Belgium had a population of 10,839,905 people on 1 January 2010, an
increase of 601,000 in comparison to 2000 (10,239,085 inhabitants).
Between 1990 (9,947,782 inhabitants) and 2000 the increase was only
291,000. The population of Flanders,
Brussels on 1
January 2010 was 6,251,983 (57.7%), 3,498,384 (32.3%) and 1,089,538
Main article: List of Belgians
List of Belgians
^ "National Institute for Statistics". Bestat.economie.fgov.be.
Retrieved 12 December 2017.
^ Results American Fact Finder (US Census Bureau)
^ "Ethnic Origin (264), Single and Multiple Ethnic Origin Responses
(3), Generation Status (4), Age Groups (10) and Sex (3) for the
Population in Private Households of Canada, Provinces, Territories,
Census Metropolitan Areas and Census Agglomerations, 2011 National
Household Survey". 12.statcan.gc.ca. Retrieved 12 December 2017.
^ "Les Belges à l'étranger". Mo.be. Retrieved 12 December
^ "Migration Data Hub". Migrationinformation.org. Retrieved 12
^ "CBS StatLine - Bevolking; generatie, geslacht, leeftijd en
herkomstgroepering, 1 januari". Statline.cbs.nl. Retrieved 5 October
Germans with an immigrant background Archived 4 May 2009 at the
^ Panorama das relações belgo-brasileiras Archived 24 May 2008 at
the Wayback Machine.
^ Dobbelaere, Karel; Voyé, Liliane (1990). "From Pillar to
Postmodernity: The Changing Situation of Religion in Belgium" (PDF).
Oxford Journals, Oxford University Press: S1. Retrieved 25 February
^ Gooch, Brison Dowling (1963).
Belgium and the February Revolution.
Martinus Nijhoff Publishers, The Hague, Netherlands. p. 112.
Retrieved 18 October 2010.
^ Bunson, Matthew (1994).
Encyclopedia of the Roman Empire (Hardcover
352pp ed.). Facts on File, New York. p. 169.
^ Footnote: The Celtic and/or Germanic influences on and origin(s) of
Belgae remains disputed. Further reading e.g. Witt, Constanze
Maria (May 1997). "Ethnic and Cultural Identity". Barbarians on the
Greek Periphery?—Origins of Celtic Art. Institute for Advanced
Technology in the Humanities, University of Virginia. Archived from
the original on 10 June 2007. Retrieved 6 June 2007.
^ "un peu d'histoire: la révolution belgique". Canaris1790.be.
^ jus soli, definition from merriam-webster.com.
^ Hobsbawm and Ranger (1983), The Invention of Tradition, Sider 1993
Lumbee Indian Histories
^ Seidner,(1982), Ethnicity, Language, and Power from a
Psycholinguistic Perspective, pp. 2-3
^ Smith 1987 pp.21-22
^ Levinson, David (1998). Ethnic Groups Worldwide: A Ready Reference
Handbook. Phoenix, AZ: Oryx Press. p. 14.
^ Ramon Arango, Leopold III and the Belgian Royal Question, p.9.
^ Raymond Fusilier in Les monarchies parlementaires en Europe,
Editions ouvrières, Paris, 1960, p. 350, wrote the Belgian regime of
1830 was also inspired by the French Constitution of the Kingdom of
France (1791-1792), the
United States Declaration of Independence of
1776 and the old political traditions of both Walloon and Flemish
^ National minorities in Europe, W. Braumüller, 2003, page 20.
^ Nederlandse en Vlaamse identiteit, Civis Mundi 2006 by S.W.
Couwenberg. ISBN 90-5573-688-0. Page 62. Quote: "Er valt heel wat
te lachen om de wederwaardigheden van Vlamingen in Nederland en
Nederlanders in Vlaanderen. Ze relativeren de verschillen en
beklemtonen ze tegelijkertijd. Die verschillen zijn er onmiskenbaar:
in taal, klank, kleur, stijl, gedrag, in politiek, maatschappelijke
organisatie, maar het zijn stuk voor stuk varianten binnen één
taal-en cultuurgemeenschap." The opposite opinion is stated by L.
Beheydt (2002): "Al bij al lijkt een grondiger analyse van de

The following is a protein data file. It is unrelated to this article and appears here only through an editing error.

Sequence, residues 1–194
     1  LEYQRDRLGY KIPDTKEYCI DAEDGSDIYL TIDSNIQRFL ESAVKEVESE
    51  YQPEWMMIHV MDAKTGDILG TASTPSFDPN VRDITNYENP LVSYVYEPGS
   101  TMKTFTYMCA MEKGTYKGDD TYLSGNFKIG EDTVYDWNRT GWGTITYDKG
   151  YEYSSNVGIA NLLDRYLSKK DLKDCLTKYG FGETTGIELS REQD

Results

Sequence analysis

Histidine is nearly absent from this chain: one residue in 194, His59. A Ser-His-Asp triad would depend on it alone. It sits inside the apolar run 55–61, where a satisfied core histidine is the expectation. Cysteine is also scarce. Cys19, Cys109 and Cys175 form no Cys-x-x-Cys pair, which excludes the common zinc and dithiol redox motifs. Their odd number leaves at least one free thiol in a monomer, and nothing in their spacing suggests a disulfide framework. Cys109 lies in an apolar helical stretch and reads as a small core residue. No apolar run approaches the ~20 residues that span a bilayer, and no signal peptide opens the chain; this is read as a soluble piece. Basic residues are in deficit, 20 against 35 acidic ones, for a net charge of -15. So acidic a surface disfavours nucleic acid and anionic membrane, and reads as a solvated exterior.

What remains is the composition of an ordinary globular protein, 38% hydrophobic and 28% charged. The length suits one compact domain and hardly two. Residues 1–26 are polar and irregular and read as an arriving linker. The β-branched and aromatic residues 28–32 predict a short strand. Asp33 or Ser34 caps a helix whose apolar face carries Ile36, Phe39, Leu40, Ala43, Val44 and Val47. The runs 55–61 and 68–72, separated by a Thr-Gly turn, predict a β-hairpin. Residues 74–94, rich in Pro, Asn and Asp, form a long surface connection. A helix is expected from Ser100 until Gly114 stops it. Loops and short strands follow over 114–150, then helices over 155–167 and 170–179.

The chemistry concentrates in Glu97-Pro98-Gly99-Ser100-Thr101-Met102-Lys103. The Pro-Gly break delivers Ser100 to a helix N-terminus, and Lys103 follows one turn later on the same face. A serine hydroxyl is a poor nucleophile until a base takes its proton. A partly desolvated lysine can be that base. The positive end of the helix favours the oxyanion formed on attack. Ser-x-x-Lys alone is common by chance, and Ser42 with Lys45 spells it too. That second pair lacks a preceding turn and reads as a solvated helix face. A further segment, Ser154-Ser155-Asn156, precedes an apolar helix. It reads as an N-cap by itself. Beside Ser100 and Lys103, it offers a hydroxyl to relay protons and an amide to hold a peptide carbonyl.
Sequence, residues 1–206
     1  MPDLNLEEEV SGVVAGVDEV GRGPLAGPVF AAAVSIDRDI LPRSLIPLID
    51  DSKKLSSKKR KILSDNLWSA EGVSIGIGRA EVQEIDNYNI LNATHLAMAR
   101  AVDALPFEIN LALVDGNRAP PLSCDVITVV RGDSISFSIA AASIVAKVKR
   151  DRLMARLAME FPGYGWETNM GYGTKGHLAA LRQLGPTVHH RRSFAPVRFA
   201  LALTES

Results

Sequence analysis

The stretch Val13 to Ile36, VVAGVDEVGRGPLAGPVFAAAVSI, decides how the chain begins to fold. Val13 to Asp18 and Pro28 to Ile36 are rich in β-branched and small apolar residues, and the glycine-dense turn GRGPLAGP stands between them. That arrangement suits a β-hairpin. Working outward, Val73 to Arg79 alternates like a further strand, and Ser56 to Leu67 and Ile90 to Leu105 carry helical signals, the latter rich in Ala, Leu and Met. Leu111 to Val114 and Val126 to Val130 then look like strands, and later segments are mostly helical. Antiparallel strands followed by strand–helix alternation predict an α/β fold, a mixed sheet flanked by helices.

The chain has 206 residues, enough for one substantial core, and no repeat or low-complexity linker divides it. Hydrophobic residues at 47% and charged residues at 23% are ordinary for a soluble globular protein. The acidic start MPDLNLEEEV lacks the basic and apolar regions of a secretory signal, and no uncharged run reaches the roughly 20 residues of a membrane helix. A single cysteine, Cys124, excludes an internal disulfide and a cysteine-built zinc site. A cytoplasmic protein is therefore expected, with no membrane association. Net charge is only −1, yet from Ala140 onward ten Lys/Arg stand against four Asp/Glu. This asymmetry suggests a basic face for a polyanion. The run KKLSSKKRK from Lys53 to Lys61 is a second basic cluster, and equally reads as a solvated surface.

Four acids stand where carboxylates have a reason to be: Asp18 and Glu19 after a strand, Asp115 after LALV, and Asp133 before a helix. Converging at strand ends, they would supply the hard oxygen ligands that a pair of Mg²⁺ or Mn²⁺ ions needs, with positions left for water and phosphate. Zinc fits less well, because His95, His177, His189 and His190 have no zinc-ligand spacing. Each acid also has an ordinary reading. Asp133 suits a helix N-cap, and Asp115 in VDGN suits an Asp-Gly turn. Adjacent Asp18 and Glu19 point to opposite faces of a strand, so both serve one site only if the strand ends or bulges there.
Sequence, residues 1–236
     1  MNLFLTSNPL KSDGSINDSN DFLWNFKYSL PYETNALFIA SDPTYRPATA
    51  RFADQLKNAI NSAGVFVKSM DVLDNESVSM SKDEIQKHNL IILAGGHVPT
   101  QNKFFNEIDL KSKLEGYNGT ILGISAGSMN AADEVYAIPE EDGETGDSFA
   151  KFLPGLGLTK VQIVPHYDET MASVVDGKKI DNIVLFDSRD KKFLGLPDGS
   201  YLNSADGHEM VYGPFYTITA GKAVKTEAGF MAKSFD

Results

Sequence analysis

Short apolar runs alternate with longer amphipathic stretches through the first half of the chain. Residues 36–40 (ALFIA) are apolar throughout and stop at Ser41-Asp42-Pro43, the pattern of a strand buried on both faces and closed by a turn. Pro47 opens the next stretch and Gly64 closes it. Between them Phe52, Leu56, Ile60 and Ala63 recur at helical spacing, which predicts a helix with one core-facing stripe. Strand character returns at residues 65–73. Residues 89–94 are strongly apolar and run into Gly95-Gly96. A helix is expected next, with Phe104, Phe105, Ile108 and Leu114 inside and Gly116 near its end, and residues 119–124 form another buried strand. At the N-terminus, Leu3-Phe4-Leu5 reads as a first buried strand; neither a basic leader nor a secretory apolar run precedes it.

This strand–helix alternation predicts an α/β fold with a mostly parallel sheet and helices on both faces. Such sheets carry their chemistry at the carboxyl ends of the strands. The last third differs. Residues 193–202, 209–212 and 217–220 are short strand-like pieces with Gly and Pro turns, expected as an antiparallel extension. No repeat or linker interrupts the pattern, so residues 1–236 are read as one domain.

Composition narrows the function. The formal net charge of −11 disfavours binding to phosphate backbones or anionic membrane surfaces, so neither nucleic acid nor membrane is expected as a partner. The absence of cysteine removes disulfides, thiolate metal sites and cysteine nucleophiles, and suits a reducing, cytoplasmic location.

taalsituatie en de taalattitude in Nederland en Vlaanderen weinig
aanwijzingen te bieden voor een gezamenlijke culturele identiteit. Dat
er ook op andere gebieden weinig aanleiding is voor een gezamenlijke
culturele identiteit is al door Geert Hofstede geconstateerd in zijn
vermaarde boek Allemaal andersdenkenden (1991)." L. Beheydt, "Delen
Vlaanderen en Nederland een culturele identiteit?", in P. Gillaerts,
H. van Belle, L. Ravier (eds.), Vlaamse identiteit: mythe én
werkelijkheid (Leuven 2002), 22-40, esp. 38. (in Dutch)
^ Ethnic Groups Worldwide, a ready reference Handbook, David Levinson,
ORYX Press, (ISBN 1-57356-019-7), p. 13 : « Walloons
are identified through their residence in
Wallonia and by speaking
dialects of French. They, too, are descended from the original Celtic
inhabitants of the region and Romans and Franks who arrived later.
Walloons are mainly Roman catholic. »
^ Ethnic Groups Worldwide, a ready reference Handbook, David Levinson,
ORYX Press, ISBN 1-57356-019-7, p.13 : "Walloon culture was
heavely influenced by the French"
^ The Encyclopedia of the Peoples of the World, A Henri Holt Reference
Book, page 645 : « Culturally there is continuity between
the French and the Walloons, Wallon culture consisting mainly of
dialect literary productions. While historically most Wallons came
within France's cultural orbit
^ "Archived copy". Archived from the original on 4 May 2014. Retrieved
11 June 2014.
^ Vieste, Associazione per i popoli minacciati - Sudtirolo,
Gesellschaft fuer bedrohte Voelker - Suedtirol, Lia por i popui
manacià, Society for Threatened Peoples (APM/GfbV/LPM/STP). Webdesign
Mauro di. "Gefaehrdete Vielfalt - Kleine Sprachen ohne Zukunft. Ueber
die Lage der Sprachminderheiten in der EU. Ein Ueberblick der
GfbV-Suedtirol. 8.11.2000". Gfbv.it. Retrieved 12 December 2017.
^ "Discrimination in the EU in 2012" (PDF),
383, European Union: European Commission, p. 233, 2012, retrieved
14 August 2013 The question asked was "Do you consider yourself
to be...?" With a card showing: Catholic, Orthodox, Protestant, Other
Christian, Jewish, Muslim, Sikh, Buddhist, Hindu, Atheist, and
Non-believer/Agnostic. Space was given for Other (SPONTANEOUS) and DK.
Jewish, Sikh, Buddhist, Hindu did not reach the 1% threshold.
^ Inquiry by 'Vepec', 'Vereniging voor Promotie en Communicatie'
(Organisation for Promotion and Communication), published in Knack
magazine 22 November 2006 p. 14 (The
Dutch language term 'gelovig' was
translated in the text as 'religious', more precisely it is a very
common word for believing in particular in any kind of god in a
monotheistic sense, and/or in some afterlife.